An Indian researcher at Lancaster University has developed a new theory to stop shoplifting that involves specially designed shopping centres geared at encouraging shoplifters to think twice before they commit a crime.
The two researchers, Dhruv Sharma, hailing from Pathankot in Punjab, and Myles Kilgallon Scott propose changes that will encourage customers to get involved with 'natural surveillance' to put shoplifters firmly in the spotlight. They suggest environments that will push people in the right direction not to commit a shoplifting offence rather than sending them to prison, or other punishments, after the act.
Sharma said: "When you go to a shopping mall it's not just a building containing shops. It's strategically planned and laid out so we walk in a preferred direction and goods are placed in certain ways and locations presenting visual cues to buy.
"So why similar thinking can't be applied to target potential criminals without them realising that they are being targeted to actually prevent them from committing the act of shoplifting?"
So exactly what does a shopping centre of the future look and feel like in their view?
A store could actually place valuable items in 'interactive spaces' that would encourage other customers to watch people handling the expensive goods. So, for example, it could be that every time a customer picks up, say, a bottle of perfume they turn into a cartoon character on a big screen or they attract public attention in some other interactive way.
"For different products you could have different characters, which would encourage children to watch," Sharma said.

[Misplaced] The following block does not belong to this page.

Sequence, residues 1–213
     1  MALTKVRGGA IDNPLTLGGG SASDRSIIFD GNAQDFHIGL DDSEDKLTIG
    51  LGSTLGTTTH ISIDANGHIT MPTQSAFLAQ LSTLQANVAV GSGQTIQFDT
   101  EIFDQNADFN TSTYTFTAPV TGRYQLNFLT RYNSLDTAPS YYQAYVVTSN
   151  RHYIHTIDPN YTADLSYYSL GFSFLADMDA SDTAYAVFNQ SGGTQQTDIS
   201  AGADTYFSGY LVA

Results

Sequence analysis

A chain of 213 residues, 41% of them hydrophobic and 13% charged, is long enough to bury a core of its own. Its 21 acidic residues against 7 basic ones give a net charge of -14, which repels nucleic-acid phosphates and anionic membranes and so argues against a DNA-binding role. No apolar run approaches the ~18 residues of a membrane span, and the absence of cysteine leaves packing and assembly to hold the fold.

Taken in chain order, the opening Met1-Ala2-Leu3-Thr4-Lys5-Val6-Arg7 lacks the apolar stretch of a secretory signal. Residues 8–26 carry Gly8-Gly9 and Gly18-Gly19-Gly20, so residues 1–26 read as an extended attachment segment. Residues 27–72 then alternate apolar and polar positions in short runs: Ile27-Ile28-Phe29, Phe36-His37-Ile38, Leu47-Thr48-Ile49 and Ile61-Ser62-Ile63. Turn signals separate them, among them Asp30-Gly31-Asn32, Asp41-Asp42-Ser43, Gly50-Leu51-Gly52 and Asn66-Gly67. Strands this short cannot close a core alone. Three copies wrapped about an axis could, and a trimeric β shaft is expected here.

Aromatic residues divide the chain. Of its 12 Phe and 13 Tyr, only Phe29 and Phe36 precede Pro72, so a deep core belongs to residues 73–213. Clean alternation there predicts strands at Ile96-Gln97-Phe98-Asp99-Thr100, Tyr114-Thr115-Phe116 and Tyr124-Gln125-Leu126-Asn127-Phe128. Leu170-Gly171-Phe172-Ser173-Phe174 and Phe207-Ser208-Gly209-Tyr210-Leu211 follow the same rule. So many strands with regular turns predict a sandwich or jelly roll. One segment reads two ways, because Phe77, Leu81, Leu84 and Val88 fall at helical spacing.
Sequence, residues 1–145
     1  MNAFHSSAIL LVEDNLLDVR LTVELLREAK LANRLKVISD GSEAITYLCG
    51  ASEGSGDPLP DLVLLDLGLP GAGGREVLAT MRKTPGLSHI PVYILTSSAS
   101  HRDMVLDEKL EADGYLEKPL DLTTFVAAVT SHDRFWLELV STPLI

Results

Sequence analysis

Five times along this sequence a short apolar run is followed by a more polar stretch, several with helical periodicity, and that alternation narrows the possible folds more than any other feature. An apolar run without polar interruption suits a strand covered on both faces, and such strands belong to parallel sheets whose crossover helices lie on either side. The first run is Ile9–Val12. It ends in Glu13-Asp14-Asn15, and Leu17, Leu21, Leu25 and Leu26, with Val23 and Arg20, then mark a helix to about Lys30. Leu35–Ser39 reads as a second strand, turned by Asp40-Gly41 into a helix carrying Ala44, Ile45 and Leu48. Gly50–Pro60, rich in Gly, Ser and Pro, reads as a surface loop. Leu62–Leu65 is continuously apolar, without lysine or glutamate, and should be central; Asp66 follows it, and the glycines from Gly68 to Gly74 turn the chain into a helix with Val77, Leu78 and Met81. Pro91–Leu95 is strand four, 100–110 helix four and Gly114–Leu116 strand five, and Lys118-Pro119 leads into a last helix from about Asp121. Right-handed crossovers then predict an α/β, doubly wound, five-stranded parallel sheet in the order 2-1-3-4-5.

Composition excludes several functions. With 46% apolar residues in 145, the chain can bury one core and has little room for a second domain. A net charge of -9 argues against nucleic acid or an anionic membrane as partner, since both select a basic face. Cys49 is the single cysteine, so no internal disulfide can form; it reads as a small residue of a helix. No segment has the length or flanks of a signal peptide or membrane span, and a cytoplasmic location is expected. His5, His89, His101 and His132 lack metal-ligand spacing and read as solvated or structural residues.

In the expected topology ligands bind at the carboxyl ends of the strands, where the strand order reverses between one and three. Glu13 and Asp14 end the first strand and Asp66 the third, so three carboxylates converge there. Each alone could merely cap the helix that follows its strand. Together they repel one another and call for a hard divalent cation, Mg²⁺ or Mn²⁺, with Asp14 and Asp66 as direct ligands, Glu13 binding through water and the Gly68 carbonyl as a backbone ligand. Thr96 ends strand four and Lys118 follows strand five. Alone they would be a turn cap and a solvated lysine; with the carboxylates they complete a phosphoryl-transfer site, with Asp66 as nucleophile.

He added: "We are not suggesting we should make it harder for people to interact with products. Instead, we simply propose 'nudging' people to act as observers, thereby enhancing surveillance."
A research paper by Sharma and Kilgallon Scott Miles titled 'Nudge: Don't Judge: Using Nudge Theory to Deter Shoplifters' advocates the creation of environments which will 'push people in the right direction' not to commit a shoplifting offence in the first place rather than the courts sending them to prison, or receiving other punishments, after the act.
The paper, which offers an alternative approach to tackling the problem, draws on three different disciplines - sociology, design and criminology - to construct a theoretical framework of motivation to shoplift.
It advocates further investigation of Thaler and Sunstein's famous 'Nudge Theory', used to form policy in economics and healthcare, which assumes people make some decisions unconsciously, non-rationally and are influenced by contextual cues which means their behaviour can be manipulated.